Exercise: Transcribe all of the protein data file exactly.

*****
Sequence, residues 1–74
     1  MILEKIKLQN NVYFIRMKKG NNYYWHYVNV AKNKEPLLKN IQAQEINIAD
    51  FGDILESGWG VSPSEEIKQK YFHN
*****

Sequence, residues 1–74
     1  MILEKIKLQN NVYFIRMKKG NNYYWHYVNV AKNKEPLLKN IQAQEINIAD
    51  FGDILESGWG VSPSEEIKQK YFHN